One of my friends at work was suffering from severe depression too. Her husband had left her. She was struggling to make it on her salary. Her health coverage did not cover much of the expense of seeing a therapist or the medications they prescribed. She was really in a bad way. But we all understood why.

But me? Why did I feel like this? I had a loving and supportive husband. I was blessed with two parents who loved me so much it hurt. I had good friends whom I had known for years and years. I had a beautiful house and a job that paid well and one that I actually enjoyed (to the extent I could enjoy anything). So why, why, why was I depressed? There was absolutely no good reason.

My friend at work had found a psychologist (therapist) whom she liked. I got her name and called and made an appointment.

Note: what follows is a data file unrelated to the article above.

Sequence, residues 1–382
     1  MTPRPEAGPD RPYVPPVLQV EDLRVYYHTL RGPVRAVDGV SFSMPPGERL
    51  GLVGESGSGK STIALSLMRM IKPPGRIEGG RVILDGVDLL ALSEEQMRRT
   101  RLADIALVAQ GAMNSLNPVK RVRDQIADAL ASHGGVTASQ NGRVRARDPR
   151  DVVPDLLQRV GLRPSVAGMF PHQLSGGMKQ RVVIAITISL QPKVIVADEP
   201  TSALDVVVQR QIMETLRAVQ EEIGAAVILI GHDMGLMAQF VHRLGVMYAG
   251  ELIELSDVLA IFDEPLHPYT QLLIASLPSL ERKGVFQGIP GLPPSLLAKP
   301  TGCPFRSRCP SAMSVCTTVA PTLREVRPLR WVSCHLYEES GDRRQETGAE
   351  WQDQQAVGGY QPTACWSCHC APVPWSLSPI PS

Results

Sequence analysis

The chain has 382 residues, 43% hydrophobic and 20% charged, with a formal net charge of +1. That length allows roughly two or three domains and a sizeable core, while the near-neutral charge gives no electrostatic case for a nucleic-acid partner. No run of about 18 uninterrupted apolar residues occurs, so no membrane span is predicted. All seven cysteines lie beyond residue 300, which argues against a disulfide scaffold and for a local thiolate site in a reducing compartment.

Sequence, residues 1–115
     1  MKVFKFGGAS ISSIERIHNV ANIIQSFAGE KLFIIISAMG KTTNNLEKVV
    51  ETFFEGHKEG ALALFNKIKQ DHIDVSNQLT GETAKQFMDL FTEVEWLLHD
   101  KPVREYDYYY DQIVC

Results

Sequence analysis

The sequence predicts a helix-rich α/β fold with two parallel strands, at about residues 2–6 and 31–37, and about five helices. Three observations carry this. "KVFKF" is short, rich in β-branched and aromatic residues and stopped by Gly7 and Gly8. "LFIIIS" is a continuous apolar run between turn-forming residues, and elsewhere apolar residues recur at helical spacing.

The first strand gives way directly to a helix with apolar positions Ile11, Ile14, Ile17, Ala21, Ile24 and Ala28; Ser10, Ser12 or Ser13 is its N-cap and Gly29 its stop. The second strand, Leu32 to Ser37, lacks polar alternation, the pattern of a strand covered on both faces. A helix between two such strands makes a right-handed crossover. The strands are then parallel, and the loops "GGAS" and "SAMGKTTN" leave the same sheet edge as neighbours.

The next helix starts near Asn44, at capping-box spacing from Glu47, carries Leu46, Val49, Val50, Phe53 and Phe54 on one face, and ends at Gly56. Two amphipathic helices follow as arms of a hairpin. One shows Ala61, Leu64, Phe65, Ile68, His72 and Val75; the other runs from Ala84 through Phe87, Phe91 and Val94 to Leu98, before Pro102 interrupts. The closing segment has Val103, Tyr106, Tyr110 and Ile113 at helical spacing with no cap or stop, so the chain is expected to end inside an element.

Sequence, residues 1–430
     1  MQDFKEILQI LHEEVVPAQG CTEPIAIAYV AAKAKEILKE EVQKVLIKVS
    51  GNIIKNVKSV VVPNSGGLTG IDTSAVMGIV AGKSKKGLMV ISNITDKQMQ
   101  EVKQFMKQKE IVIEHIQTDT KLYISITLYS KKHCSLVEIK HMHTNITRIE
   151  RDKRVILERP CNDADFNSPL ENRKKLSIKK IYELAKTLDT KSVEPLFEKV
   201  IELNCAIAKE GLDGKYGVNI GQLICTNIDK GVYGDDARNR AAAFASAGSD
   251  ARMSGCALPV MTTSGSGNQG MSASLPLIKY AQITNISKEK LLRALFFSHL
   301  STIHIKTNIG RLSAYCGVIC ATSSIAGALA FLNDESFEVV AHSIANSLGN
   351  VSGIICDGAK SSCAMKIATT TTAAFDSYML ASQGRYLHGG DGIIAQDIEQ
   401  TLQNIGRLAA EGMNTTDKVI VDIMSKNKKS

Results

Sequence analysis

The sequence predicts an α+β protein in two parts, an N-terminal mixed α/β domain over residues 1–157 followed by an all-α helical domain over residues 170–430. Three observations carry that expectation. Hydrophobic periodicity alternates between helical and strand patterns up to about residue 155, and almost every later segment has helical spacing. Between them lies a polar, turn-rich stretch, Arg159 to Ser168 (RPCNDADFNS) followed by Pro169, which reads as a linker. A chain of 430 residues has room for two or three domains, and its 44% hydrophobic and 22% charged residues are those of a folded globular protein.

I saw Dr. Janzen (my friend’s doctor) and on the first visit, I told her about my thoughts of suicide and how far I had gone with it. I was honest. She listened, made eye contact, asked me questions about my history and told me that my illness was serious. She wanted to help me. But I didn’t believe anyone could help me. I liked her though and made another appointment for the following week.

Dr. Janzen was my window into mental illness. I could wipe the glass from inside my dark room and see what was happening to me. The first several visits we talked about me (of course) but she also explained how depression works. It is very complex and circular. You can’t cope with everyday emotions and tasks so you don’t feel like doing anything. You don’t do anything and you feel worthless. And the downward spiral continues until you finally reach the bottom of the black hole. And I was at the bottom of the black hole. She tried to help provide me with some coping skills. “What do you enjoy.” Nothing. “When was the last time you did had fun.” I can’t remember. But we kept talking. (And she Never told me to do the Look In The Mirror therapy.)